"I will honor Christmas in my heart, and try to keep it all the year. I will not shut out the lessons that have been taught to me. Please Spirit; tell me I may sponge away the writing on this stone!"
At this point in the story, Mr. Magoo has wrapped his pudgy little arms around the feet of the Grim Reaper, and is groveling to be free from the sorry life he wasted as a greedy mortgage lender. Since Mr. Magoo has poor eyesight, the Grim Reaper looks more like an anxious Tiger Woods leaning heavily on a seven iron.
Every year in my house we watch the animated adaption of A Christmas Carol starring Mr. Magoo as Ebenezer Scrooge. Like the Grinch and Charlie Brown, Magoo has entered the DVD lexicon of tradition in our house. My wife and I introduced these features to our kids because these were the features we watched when we were growing up. That's what tradition is: stifling the present with happy memories of the past.
When I was a kid these animated classics were called "holiday specials". They were "special" because they were only broadcast once each year at Christmas and interrupted every ten minutes by Clydesdale's pulling beer wagons in the snow.
Now that these holiday features are on DVD, we can watch them whenever we want. Even in summer. In fact, I have watched these recordings so many times now that Mr. Magoo is permanently burned into the flat panel plasma of my subconscious.
But he never fails to inspire. After watching Magoo last year I conceived a reality TV show based on a myopic old man who tries to keep Christmas in his heart for a year, tentatively titled, Scrooge: An American Idol. I drafted my idea and sent it to Hollywood. It was rejected a week later, just before Christmas.
Apparently there is no audience for a weekly show featuring an altruistic geezer with bad eyesight. So this year I incorporated a revision which features Kim, Khloe, and Kourtney Kardashian in recurring roles as spirits clad in boughs of holly. I am still waiting to hear back.
But the TV executives are probably right. Who wants to follow a story about a guy with a big heart? There is a reason why Dickens never wrote a sequel to A Christmas Carol; as a kind, generous man, Scrooge is pretty boring.
Still, believing in reality as I do, I thought I should at least try to keep Christmas alive all the year also. Of course there was no way I could possibly accomplish this by being a kind and generous human being, so instead I elected to leave in place some decorative Christmas greens to hang over our fireplace for the year.
My wife was appalled. She thought they would become a fire hazard.
It seems to me that when you surgically separate an evergreen tree from its roots, loop it with strands of 110 volt electricity, light it in the living room, and then ignite a Yule log in celebration, everything becomes a fire hazard. But this kind of logic doesn't really sit well with my wife. So I tried to appeal to her better holiday nature.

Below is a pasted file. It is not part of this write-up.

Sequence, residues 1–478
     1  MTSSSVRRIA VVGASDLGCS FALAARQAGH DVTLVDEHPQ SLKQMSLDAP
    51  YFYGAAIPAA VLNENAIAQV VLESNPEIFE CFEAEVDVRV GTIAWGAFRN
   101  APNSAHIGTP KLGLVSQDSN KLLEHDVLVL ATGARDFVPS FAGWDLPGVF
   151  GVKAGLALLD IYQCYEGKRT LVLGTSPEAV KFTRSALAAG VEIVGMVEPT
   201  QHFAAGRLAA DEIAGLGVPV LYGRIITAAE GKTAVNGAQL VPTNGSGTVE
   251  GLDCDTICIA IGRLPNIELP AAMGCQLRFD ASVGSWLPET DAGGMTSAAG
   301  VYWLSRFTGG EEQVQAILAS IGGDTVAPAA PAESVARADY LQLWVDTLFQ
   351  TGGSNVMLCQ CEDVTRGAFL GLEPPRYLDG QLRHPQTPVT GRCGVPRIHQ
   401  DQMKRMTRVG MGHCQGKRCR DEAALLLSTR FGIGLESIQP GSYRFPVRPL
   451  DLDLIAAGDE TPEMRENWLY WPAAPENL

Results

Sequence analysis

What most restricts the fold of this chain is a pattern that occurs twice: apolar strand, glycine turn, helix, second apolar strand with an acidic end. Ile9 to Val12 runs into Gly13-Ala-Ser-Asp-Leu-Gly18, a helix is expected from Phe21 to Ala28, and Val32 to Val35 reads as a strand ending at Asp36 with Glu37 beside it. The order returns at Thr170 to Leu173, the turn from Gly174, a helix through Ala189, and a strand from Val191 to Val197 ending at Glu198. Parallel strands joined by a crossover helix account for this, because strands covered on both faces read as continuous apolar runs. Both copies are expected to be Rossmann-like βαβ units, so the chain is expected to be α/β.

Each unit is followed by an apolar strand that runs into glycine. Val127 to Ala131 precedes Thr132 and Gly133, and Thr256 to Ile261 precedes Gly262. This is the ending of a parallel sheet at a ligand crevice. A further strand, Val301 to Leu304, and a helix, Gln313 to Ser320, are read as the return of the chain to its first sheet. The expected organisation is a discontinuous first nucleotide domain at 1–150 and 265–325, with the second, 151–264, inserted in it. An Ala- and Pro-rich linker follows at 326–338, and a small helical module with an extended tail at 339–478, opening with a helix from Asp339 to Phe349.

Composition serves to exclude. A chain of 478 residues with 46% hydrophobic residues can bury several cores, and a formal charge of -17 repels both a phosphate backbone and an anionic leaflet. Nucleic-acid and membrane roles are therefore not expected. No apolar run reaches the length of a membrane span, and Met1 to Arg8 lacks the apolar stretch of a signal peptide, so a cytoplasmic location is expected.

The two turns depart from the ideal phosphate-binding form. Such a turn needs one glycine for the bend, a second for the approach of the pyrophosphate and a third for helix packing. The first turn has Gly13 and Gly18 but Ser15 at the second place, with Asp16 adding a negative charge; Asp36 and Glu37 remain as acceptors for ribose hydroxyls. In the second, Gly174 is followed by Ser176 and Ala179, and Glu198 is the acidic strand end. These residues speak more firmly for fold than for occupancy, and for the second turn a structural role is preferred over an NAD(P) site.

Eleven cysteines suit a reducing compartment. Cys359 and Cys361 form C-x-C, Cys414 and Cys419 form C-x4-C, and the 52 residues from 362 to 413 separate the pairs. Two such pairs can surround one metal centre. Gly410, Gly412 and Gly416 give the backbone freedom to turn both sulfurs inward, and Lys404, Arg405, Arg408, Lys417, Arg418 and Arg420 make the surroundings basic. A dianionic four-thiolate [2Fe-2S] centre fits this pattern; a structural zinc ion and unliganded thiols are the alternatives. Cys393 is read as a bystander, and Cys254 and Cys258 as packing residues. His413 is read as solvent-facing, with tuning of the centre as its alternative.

"I want to honor Christmas in my hearth, and try to keep it all the year." I told her. "Just like Magoo."
She quickly informed me that Mr. Magoo, just like Scrooge, kept Christmas in his heart, not his hearth, and that I would be far better off honoring the season by watering the house plants once in a while. But with some gentle persuasion from the kids, who just wanted to see if such a thing could be accomplished, the greens remained suspended above our fireplace for an entire year.
By summer they were still green in a brown sort of way. By mid December, a full year later, they were brown in a green sort of way.
STAGE V. The End Of It
This is how Dickens titled the last chapter of A Christmas Carol, as if the matter of human kindness was something to be acknowledged, and then tidied up in a happy ending two paragraphs long. It seemed to work well for him.
But as boring as it may be, I don't really think there is an End Of It.
In the summer, when life is easy, the evergreens hide amid the lush greenery of trees and bushes and grass. But in winter, when the living earth goes brown, the evergreens stand out in singular beauty, and we wrap them with lights in celebration. We forget that they haven't changed, that they are ever green.
It seems to me that this is the measure of the holidays. It is how we choose to treat each other year after year when the weather turns cold, when lines are long and tensions are high, when life is difficult or even overwhelming, and the Post Office has just closed. It is how we choose to behave within the brown hues of life—past and present—and how we strive to look after one another in the years to come.
This Christmas Mr. Magoo will go on to be "as good a man as the old city has ever known", the Grinch's heart will grow three sizes, and Charlie Brown's spindly tree will be magically transformed with nothing but goodwill. Heck, there is even room for Tiger Woods amid these holiday classics.
But a new decade starts next week. My tree needs some water, and I too, could use a drink. God bless us, everyone!